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Bush Moves to Shield Telecommunications Firms

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The dispute involves the Protect America Act, a temporary law that broadened the government's powers to spy on some Americans without warrants but expired on Feb. 16. The administration backs the Senate bill, which would renew the law and add immunity for the telecommunications firms; House Democratic leaders have balked, leading to two weeks of partisan squabbling.

The administration asserts that without immunity, companies may refuse to cooperate with vital surveillance efforts in the future for fear of being sued. But the administration's preferred bill is also backward-looking: It provides legal protections for company acts after the September 2001 attacks.

Whether such protections are actually needed is unclear. The companies and the government say they are, because the companies were acting in good faith to comply with national security-related requests but cannot defend themselves in open court, whereas the plaintiffs assert that the companies already have immunity for any actions pursuant to a valid government order.

All discovery has been blocked so far by the administration's argument, still awaiting court resolution, that the suits are barred because they involve state secrets. What tantalizing clues about the surveillance have emerged so far have come from affidavits entered into the record by the plaintiffs.

If the AT&T case is allowed to proceed, for example, the plaintiffs will ask a judge to consider documents provided by a former AT&T technician, Mark Klein, that suggest a massive effort by the National Security Agency to tap into the backbone of the Internet to retrieve millions of e-mails and other exclusively domestic communications.

The government, in a brief before the U.S. Court of Appeals for the 9th Circuit in San Francisco, has denied the existence of any "dragnet" surveillance program. In the cases against the telecommunications firms, Justice Department attorneys have argued that merely to confirm or deny any "intelligence" relationship with AT&T or any company "could reasonably be expected to cause exceptionally grave damage to the national security."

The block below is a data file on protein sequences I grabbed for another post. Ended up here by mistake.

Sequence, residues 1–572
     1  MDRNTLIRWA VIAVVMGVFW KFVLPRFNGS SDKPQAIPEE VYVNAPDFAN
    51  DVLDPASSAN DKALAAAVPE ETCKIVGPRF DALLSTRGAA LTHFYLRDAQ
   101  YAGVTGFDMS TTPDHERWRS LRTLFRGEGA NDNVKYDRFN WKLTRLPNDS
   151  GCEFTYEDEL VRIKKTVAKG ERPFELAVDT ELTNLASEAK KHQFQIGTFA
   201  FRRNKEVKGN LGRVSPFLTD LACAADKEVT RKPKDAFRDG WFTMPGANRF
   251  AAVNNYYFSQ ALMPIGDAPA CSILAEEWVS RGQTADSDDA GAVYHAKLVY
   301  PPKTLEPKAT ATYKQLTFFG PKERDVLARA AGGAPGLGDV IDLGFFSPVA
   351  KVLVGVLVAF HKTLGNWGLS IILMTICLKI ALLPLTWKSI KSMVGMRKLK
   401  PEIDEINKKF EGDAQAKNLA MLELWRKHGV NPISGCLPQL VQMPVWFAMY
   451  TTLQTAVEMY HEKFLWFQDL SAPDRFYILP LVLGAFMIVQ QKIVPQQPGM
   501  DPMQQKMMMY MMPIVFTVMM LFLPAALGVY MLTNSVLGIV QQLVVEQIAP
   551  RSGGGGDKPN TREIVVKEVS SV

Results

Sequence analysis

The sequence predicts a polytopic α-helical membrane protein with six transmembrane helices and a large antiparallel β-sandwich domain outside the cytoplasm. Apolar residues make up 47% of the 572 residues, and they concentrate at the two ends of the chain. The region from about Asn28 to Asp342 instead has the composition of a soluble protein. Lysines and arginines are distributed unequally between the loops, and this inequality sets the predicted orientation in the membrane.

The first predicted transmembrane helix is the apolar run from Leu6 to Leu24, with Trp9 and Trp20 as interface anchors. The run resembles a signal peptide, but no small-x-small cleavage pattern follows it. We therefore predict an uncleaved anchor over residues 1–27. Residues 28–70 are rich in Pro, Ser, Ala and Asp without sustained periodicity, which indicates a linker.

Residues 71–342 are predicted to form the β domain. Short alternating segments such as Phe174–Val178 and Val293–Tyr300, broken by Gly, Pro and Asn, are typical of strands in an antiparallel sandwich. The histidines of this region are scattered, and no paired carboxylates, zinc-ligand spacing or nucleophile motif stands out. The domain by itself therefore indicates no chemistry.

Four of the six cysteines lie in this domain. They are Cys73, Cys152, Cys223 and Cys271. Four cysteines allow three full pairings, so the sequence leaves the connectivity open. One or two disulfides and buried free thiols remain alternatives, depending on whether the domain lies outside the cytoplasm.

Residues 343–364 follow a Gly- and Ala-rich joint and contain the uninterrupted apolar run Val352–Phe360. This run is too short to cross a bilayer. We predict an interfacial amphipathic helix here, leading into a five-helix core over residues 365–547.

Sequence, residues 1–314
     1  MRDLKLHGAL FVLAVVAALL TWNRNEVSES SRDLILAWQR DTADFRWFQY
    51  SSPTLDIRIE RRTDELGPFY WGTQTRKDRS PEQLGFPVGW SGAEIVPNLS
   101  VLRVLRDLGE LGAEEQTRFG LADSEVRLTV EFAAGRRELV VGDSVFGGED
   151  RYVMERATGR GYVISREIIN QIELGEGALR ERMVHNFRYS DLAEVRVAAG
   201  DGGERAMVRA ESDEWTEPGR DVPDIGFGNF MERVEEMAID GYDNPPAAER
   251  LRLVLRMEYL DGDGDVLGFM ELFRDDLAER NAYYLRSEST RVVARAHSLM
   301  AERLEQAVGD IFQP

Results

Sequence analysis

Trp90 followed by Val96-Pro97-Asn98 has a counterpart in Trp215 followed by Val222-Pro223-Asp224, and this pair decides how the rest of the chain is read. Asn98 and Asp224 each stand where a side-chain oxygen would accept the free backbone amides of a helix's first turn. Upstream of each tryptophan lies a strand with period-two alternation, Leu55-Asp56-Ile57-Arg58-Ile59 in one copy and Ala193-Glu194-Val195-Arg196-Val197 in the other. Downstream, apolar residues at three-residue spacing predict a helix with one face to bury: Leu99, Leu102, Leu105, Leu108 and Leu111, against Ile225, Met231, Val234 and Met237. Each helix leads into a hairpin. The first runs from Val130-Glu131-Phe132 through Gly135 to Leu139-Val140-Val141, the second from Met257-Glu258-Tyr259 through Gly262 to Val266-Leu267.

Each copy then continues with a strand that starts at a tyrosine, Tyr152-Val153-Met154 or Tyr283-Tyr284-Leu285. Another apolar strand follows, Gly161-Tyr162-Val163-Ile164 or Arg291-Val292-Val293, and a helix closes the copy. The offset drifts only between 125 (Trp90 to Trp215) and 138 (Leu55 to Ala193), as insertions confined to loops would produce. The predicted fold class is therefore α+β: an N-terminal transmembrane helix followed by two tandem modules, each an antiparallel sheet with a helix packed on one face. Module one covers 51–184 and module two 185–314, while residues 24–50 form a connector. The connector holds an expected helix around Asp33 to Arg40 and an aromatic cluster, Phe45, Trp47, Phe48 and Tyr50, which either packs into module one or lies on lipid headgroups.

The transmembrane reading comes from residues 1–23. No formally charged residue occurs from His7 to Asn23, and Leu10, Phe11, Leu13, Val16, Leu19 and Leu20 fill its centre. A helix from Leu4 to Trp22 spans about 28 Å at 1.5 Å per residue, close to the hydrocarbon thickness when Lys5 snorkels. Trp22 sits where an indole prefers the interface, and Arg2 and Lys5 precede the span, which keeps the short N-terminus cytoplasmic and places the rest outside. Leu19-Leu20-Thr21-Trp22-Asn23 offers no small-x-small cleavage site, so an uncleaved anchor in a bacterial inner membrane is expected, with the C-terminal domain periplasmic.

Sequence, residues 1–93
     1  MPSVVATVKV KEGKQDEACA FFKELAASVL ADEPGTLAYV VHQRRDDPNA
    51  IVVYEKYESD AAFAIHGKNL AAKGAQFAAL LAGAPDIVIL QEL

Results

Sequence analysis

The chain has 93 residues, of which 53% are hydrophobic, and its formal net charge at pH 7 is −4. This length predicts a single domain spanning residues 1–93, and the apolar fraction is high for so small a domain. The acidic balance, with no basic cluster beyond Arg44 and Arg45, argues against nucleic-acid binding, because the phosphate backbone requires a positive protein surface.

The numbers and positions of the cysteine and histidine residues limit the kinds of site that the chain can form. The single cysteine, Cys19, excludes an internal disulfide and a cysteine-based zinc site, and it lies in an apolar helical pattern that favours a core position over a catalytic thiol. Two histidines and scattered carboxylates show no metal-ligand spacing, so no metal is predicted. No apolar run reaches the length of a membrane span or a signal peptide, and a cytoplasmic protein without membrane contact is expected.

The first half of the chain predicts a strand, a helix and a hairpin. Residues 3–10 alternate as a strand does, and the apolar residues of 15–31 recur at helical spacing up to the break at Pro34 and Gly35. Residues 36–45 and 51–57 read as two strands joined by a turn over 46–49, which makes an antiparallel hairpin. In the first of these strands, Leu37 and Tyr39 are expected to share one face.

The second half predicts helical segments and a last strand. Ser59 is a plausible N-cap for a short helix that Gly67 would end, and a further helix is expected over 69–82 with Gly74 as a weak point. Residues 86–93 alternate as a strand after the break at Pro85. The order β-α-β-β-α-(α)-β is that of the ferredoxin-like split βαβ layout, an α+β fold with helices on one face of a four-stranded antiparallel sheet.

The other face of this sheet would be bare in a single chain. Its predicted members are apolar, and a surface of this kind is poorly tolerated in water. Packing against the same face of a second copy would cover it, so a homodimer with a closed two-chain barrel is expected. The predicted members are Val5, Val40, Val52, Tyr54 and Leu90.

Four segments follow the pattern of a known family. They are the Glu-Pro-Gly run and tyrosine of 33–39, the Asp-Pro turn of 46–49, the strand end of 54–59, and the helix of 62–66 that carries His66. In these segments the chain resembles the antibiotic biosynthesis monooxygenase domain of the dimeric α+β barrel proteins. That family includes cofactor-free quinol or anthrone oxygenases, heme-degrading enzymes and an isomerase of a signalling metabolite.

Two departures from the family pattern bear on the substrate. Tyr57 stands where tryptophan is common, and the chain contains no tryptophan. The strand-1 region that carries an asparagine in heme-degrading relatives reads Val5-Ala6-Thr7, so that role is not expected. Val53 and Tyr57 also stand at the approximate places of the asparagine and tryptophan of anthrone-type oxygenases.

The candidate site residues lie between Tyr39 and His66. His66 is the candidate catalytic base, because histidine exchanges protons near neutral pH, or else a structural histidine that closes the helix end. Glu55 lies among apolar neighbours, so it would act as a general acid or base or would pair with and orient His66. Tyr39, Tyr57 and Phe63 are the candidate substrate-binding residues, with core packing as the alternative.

Though the carriers have argued that they are barred from defending themselves against the allegations because of the government's invocation of the state-secrets privilege, at least one carrier, Verizon, has stated in regulatory filings that the cases against it are without merit.

There are also three separate surveillance-related lawsuits against the Bush administration itself that would not be stopped by either the House or Senate legislation. Though all three question the legality of the surveillance, these cases might be stopped by the courts because government officials enjoy a qualified immunity protection that the phone companies do not.

The companies themselves, including AT&T, Verizon and others, have said little publicly about the debate, citing concerns over the ongoing litigation and state secrets. However, the companies have brought senior executives into town to meet with the few lawmakers who have been briefed in detail on the government's surveillance programs.

Last fall, former attorney general John D. Ashcroft signed a letter to top members of the Senate Judiciary Committee urging retroactive immunity for the companies. His consulting firm, the Ashcroft Group, was on retainer to AT&T at the time. An Ashcroft spokeswoman declined comment.

Staff writer Jeffrey H. Birnbaum and staff researcher Julie Tate contributed to this report.


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